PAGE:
Five more English expressions which may seem a little weird to foreign speakers...
A few months ago I highlighted a few weird English sayings which seem perfectly normal to me as an English person, but when you analyse them they perhaps might seem strange to speakers of other languages. Here's another collection of unusual words and expressions found in the English language...
1) "Egg and soldiers."
|Soldiers and soldiers. Can you spot the difference?|
If you look at the side by side comparison pictured in the photo, I'm sure you'll agree that there's very little resembance at all.
2) "Pins and needles."
Also on my travels I met a Dutch girl who one evening had pins and needles in her foot. She didn't know the English expression, but I quickly realised that she meant pins and needles. This prompted her to ask, "Why do you call it pins and needles?" I explained, "Because it feels like pins and needles sticking in your foot." The Dutch girl then raised a very valid question, "How do English people know what it feels like to have loads of pins and needles stuck into their foot?" It was a fair point, and I couldn't really answer her question.
Incidentally, the Dutch equivalent of 'pins and needles' is a 'lazy foot', which is a cool saying, but I'm not convinced it makes any more sense than the English expression.
|A cockerel making allegedly typical cockerel noises.|
(According to the English language.)
However, when you analyse it, I don't know where the 'doodle' bit comes from because I've certainly never heard a cockerel say, "Doodle!" In fact it's actually a totally ridiculous thought. A cockerel shouting, "Doodle! Doodle!"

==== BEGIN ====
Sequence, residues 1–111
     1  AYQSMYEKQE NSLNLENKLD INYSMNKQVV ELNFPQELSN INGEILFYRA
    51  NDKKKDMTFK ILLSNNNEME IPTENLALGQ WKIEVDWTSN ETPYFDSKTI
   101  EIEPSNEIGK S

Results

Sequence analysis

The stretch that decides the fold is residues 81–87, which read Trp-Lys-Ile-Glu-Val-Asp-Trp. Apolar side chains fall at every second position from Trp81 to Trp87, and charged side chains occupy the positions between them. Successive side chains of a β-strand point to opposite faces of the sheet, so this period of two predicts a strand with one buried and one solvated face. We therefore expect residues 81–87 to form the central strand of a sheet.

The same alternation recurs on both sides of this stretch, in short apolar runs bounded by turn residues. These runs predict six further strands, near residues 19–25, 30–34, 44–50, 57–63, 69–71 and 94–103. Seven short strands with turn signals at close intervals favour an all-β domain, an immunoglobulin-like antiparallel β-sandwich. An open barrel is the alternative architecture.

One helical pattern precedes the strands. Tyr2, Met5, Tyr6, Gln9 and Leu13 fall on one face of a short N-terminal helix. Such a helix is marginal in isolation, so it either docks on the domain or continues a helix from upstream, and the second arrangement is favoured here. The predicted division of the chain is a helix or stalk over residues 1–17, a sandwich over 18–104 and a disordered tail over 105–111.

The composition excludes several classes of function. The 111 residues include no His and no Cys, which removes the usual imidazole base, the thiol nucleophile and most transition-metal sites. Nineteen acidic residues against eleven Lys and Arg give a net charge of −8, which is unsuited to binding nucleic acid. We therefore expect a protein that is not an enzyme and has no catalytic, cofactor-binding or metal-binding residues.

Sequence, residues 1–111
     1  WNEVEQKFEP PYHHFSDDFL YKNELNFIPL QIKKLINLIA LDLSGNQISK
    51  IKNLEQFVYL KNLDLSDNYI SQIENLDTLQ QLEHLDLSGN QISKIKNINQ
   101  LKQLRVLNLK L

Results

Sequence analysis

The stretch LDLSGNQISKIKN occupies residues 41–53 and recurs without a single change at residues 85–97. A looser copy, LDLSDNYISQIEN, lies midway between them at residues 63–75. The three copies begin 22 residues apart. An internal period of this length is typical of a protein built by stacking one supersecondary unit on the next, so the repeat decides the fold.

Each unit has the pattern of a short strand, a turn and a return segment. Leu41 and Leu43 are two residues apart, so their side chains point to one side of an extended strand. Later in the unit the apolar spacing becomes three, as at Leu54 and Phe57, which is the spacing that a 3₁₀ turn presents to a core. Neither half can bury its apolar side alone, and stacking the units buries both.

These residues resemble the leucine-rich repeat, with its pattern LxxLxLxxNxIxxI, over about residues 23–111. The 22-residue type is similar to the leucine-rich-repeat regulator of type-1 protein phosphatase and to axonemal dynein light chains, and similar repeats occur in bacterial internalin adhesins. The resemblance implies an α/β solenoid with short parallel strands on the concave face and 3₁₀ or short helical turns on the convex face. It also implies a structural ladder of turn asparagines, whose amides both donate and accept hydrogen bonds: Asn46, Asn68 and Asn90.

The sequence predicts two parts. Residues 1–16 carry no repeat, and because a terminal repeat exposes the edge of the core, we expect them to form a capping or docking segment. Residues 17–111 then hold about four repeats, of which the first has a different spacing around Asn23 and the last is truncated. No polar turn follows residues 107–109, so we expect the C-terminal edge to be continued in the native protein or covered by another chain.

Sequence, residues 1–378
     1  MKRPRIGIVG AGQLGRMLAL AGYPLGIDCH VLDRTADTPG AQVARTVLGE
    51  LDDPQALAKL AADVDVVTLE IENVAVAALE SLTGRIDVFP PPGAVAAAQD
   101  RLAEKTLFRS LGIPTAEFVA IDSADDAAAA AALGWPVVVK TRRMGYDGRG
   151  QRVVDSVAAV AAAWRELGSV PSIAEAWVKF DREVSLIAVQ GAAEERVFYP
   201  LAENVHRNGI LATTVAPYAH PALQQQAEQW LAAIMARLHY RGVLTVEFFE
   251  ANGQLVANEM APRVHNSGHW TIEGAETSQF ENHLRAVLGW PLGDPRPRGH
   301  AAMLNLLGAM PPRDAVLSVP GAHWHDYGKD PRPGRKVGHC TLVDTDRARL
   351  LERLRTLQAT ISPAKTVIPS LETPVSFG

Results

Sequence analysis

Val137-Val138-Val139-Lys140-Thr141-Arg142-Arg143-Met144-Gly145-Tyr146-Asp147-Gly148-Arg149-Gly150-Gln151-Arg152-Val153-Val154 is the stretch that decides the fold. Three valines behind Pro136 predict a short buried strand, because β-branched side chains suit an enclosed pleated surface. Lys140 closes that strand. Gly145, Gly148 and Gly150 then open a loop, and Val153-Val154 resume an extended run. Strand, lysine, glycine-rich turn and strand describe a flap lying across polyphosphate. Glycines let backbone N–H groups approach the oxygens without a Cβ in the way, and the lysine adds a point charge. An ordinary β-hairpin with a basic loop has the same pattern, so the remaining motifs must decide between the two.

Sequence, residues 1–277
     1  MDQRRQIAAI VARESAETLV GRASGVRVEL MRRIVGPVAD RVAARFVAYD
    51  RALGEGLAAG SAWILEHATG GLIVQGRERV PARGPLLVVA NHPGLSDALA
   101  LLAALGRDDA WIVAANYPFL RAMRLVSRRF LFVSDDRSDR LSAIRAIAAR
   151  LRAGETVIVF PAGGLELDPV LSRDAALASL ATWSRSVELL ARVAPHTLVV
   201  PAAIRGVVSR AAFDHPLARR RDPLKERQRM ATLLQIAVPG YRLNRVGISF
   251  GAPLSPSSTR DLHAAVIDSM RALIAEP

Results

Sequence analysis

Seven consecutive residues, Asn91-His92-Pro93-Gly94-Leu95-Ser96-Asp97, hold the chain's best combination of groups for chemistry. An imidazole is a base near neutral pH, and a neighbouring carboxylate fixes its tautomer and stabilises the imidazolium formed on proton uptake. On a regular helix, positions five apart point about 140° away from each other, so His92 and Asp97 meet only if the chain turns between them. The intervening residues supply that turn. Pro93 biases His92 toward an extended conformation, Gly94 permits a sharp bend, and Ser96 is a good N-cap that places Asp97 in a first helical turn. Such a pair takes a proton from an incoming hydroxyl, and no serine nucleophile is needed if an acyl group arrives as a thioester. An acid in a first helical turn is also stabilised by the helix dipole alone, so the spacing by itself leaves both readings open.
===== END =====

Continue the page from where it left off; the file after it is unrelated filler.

'Cock-a-doodle-do!' is still a cool word though, even if it uses a generous helping of artistic licence in its description of the noise a cockerel actually makes.
As a greeting to be used in the morning this one seemingly makes perfect sense. As does the greeting, "Afternoon," used in the afternoon, and the greeting, "Evening," used in the evening.
But why should we greet each other by mentioning the time of day? It's no different from greeting someone on a Saturday by saying, "Saturday," or saying "October" to someone in October, and yet if you said those greetings to someone it would sound ridiculous and they wouldn't know what you were on about. Even after you explained the logic of your greeting they'd still think you'd gone a bit mad. So why is it normal to say, "Morning," to somone as a greeting in the morning?
I realise that "Morning," is actually an abbreviation of 'good morning' but would saying, "Good Saturday," or "Good October," make it seem any more sensible?
5) "If you love someone, set them free."
|"If you love someone, don't buy them an engagement ring."|
As it turned out Alan used this saying to justify dumping his Ukranian girlfriend when he adapted it to say, "If you don't love someone and don't want to hang around with them any more, set them free." He may have been a bit callous, but you can't argue that Alan's version of the saying is more logical and makes much more sense.
Anyway, the saying, 'If you love someone, set them free,' is totally illogical and surely, 'If you love someone, marry them,' would make more sense?
That's it for now, but if you want to read a few more weird English sayings, then you can find my original round-up at the following link:
Five Stupid Sayings
This post was written by Charles Fudgmeuffin. Not the original sayings obviously (Charles didn't invent the English language or anything like that), but the general commentary regarding these sayings were written by Charles Fudgemuffin. Charles is the author of the alien comedy 'How To Save The World' books which are available from Payhip, Amazon and various online ebook stores.